Innovation

Trading Stories: Hans-Ole Jochumsen on Nasdaq's Innovation DNA

Republished courtesy of Innovation Week Newsletter, written by Rob Orchard on May 18, 2017.


Hans-Ole Jochumsen

Before February 1971, the world had a fixed idea of what a stock market looked like — big halls with busy floors where traders shouted at one another while gesticulating wildly. But then came the launch of the Nasdaq, the first electronic stock market. It was an innovation that would change the way we all do business.

Today Nasdaq is a colossal technology it provides to the capital markets powers more than 89 marketplaces in 50 countries, and is home to 3,800 total listings with a market value of USD11 trillion. It has earned a reputation for being the preferred market of high-tech Silicon Valley firms — Apple, Alphabet (parent company of Google), Cisco, Intel and Amazon are all listed on the exchange.

One man who has been a key driver of Nasdaq’s dynamism and innovation in recent years is YPO member Hans-Ole Jochumsen. Jochumsen, the organization’s Vice-Chairman, who is now based in London, England, UK, came to the Nasdaq from OMX, the Nordic stock exchange group acquired by Nasdaq for USD3.7 billion in 2007. Before OMX, he was President and CEO of the Copenhagen Stock Exchange. Throughout a distinguished career he has overseen numerous strategic acquisitions and launched several initiatives which have challenged the status quo in global finance. The key to such innovation? Patience.

“When it comes to innovative projects, you sometimes need to be patient,” Jochumsen explains. “For example, when we launched the Nasdaq Futures Exchange (NFX) in July 2015, the prep work took two years.” The NFX made the Nasdaq a major player in the global energy derivatives market, an enormous sector in which Jochumsen says the combined revenue of the two biggest players totals around USD1.2 billion. “The NFX was a very innovative concept because we were able to keep costs down by utilizing systems we’d already developed for other markets, and we also teamed up with one of the foremost clearing houses in the world, OCC. After two years we already have a market share just below 5 percent of the total and we should be able to break even later in the year. It’s an example of how the Nasdaq is prepared to go out and be innovative and competitive, but also how to achieve success through patience.”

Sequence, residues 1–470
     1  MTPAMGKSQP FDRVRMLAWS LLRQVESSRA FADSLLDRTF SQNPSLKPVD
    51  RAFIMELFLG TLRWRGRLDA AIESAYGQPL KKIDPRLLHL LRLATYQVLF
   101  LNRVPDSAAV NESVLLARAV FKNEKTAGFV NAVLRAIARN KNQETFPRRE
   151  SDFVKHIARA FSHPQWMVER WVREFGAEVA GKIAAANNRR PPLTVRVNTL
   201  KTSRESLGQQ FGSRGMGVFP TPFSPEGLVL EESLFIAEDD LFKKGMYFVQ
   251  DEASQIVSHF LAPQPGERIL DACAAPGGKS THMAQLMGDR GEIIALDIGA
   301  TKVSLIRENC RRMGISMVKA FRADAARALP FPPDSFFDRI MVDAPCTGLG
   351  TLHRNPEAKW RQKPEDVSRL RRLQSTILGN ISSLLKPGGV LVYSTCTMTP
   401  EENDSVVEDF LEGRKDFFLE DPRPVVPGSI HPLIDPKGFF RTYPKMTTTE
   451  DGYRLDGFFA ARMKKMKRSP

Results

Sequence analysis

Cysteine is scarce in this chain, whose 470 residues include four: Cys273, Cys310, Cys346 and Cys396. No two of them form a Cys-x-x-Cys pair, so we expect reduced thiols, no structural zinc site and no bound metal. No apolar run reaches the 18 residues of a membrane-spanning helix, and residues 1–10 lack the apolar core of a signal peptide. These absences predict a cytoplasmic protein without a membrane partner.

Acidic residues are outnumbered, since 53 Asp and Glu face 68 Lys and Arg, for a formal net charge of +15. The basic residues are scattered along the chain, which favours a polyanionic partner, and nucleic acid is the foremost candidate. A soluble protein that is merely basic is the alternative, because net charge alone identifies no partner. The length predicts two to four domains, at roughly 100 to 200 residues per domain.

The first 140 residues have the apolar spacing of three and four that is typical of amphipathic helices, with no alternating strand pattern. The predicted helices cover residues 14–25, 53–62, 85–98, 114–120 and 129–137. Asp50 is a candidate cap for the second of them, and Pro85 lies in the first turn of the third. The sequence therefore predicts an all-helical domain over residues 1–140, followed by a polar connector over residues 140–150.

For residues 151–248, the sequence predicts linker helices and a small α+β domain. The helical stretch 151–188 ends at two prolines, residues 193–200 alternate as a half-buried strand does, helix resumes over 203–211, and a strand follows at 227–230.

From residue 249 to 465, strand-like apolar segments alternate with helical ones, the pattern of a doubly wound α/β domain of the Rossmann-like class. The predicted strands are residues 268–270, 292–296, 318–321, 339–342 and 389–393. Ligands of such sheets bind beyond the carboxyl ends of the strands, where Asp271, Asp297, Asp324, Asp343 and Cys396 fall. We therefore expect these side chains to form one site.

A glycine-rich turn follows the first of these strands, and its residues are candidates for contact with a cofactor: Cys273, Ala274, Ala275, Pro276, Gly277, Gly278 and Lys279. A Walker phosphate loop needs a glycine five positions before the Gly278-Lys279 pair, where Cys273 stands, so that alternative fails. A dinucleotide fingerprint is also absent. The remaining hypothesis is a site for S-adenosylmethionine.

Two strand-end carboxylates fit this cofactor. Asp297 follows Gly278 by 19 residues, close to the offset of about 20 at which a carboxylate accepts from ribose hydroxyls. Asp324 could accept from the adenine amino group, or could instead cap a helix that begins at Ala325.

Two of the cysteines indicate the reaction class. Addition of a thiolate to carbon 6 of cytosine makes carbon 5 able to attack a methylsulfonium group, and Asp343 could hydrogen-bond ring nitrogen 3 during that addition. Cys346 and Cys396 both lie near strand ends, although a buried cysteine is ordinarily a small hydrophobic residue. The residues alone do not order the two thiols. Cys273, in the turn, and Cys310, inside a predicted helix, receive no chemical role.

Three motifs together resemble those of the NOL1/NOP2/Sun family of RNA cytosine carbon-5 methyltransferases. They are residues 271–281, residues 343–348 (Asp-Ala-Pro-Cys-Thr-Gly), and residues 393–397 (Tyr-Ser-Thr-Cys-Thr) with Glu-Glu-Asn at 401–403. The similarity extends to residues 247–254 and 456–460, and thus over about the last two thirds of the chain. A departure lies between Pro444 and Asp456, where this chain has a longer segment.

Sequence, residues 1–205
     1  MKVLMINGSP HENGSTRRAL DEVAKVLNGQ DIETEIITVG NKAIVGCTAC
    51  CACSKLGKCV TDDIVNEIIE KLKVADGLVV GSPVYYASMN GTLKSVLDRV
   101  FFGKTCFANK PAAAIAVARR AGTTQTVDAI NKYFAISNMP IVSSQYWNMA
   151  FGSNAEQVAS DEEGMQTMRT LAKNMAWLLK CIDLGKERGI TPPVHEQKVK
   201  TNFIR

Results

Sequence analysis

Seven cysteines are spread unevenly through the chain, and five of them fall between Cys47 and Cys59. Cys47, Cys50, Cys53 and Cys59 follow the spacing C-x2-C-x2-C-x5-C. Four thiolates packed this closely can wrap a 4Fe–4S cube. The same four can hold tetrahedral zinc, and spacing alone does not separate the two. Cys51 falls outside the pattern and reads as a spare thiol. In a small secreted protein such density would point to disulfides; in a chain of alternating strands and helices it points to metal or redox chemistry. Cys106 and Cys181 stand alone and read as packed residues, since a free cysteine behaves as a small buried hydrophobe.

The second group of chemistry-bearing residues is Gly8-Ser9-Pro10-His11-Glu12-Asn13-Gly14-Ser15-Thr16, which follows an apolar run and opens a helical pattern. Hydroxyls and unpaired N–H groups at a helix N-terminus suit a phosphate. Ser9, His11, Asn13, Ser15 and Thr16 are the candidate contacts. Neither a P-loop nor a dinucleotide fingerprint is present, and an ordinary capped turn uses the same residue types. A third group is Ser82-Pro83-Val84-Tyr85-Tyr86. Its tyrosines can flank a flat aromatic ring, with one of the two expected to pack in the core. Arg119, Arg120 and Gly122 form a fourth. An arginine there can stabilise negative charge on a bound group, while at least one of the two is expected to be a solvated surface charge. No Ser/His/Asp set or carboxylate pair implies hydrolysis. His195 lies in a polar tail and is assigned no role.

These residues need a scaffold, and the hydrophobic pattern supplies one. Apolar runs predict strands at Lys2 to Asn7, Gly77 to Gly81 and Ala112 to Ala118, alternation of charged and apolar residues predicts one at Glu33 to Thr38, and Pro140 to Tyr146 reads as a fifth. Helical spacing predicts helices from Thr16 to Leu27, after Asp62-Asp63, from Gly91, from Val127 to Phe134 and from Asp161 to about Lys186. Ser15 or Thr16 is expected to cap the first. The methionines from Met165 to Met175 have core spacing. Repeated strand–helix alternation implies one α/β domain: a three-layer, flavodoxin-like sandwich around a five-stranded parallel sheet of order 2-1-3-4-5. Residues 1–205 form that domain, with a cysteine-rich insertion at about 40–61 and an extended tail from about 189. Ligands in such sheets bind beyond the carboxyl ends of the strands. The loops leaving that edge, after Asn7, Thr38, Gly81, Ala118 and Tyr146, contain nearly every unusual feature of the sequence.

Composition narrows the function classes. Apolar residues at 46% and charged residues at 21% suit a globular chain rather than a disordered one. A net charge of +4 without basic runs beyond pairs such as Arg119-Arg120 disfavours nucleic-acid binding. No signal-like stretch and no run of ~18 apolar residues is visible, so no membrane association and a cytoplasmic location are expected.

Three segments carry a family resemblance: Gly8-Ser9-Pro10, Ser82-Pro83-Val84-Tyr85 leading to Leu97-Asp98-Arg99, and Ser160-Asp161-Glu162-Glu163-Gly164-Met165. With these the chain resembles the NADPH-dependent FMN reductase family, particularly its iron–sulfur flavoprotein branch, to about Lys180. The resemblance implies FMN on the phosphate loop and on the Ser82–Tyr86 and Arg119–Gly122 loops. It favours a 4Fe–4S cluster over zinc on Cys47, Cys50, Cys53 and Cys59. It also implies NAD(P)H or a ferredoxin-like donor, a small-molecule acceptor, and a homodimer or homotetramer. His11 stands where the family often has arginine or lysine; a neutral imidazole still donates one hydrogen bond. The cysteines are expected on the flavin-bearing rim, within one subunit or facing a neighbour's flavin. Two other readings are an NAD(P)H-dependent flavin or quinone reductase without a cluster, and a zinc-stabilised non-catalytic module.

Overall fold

COMMITTING TO INNOVATION

Innovation doesn’t happen in a vacuum. It demands significant time and resources so individuals and teams are empowered to engage in the kind of research and collaboration that can spark great ideas. Jochumsen says the Nasdaq has an established innovation fund of several million a year. This commitment to innovation seems to be paying dividends — money from this fund was used to create the NFX.

And the innovation drive looks set to continue. “A big part of our strength when it comes to innovation is that we are able to create a dynamic between technologists and business people,” he adds. “There is an eagerness inside Nasdaq to create new things.” One such recent innovation, the Nasdaq Private Market, was founded with the aim of making liquidity more accessible to smaller companies. “It has created new possibilities for growing companies, which perhaps one day will be listed companies,” explains Jochumsen. “We find that entrepreneurs, people who innovate, in reality they care about the product, what they create. They don’t care that much about the rest. We want to make life easier for them.”

For Jochumsen, however, an easy life might not be an option. There’s always something new to create so the Nasdaq can continue its growth. He’s proud of the New York Interactive Advertising Exchange (NYIAX), a Market Technology client that launched in March 2017, which uses blockchain technology and cloud computing to make media trades more efficient and transparent. Another key area of growth for the Nasdaq in recent years has been in surveillance technology. “As trade monitoring continues to become more complex for compliance team, we see it as imperative to find new ways for technology like machine learning to improve and strengthen this process,” says Jochumsen. “We have been very innovative in investing in this technology, developing it, and expanding it globally.” And the cutting edge trading systems that underpin the Nasdaq’s business have also been sold across the world, enabling their sophisticated technology to be widely applied. “The Singapore exchange is primarily run on our systems, as is the Swiss exchange,” says Jochumsen. “Hong Kong is a long-term user of our technology, so are Australia and Japan. We have more than 85 exchanges in the world which have been buying our market technology.”

In April 2017, the Nasdaq celebrated a landmark event — it topped the 6,000-point mark for the first time in its 46-year history. Its ability to lure major tech companies has been cited as a key reason for the index’s impressive recent surge. Jochumsen takes this most recent achievement in his stride. He knows this isn’t an overnight success, a flash in the pan. It’s the result of years — indeed, decades — of patient, persistent innovation.

The views and opinions expressed herein are the views and opinions of the author and do not necessarily reflect those of Nasdaq, Inc.

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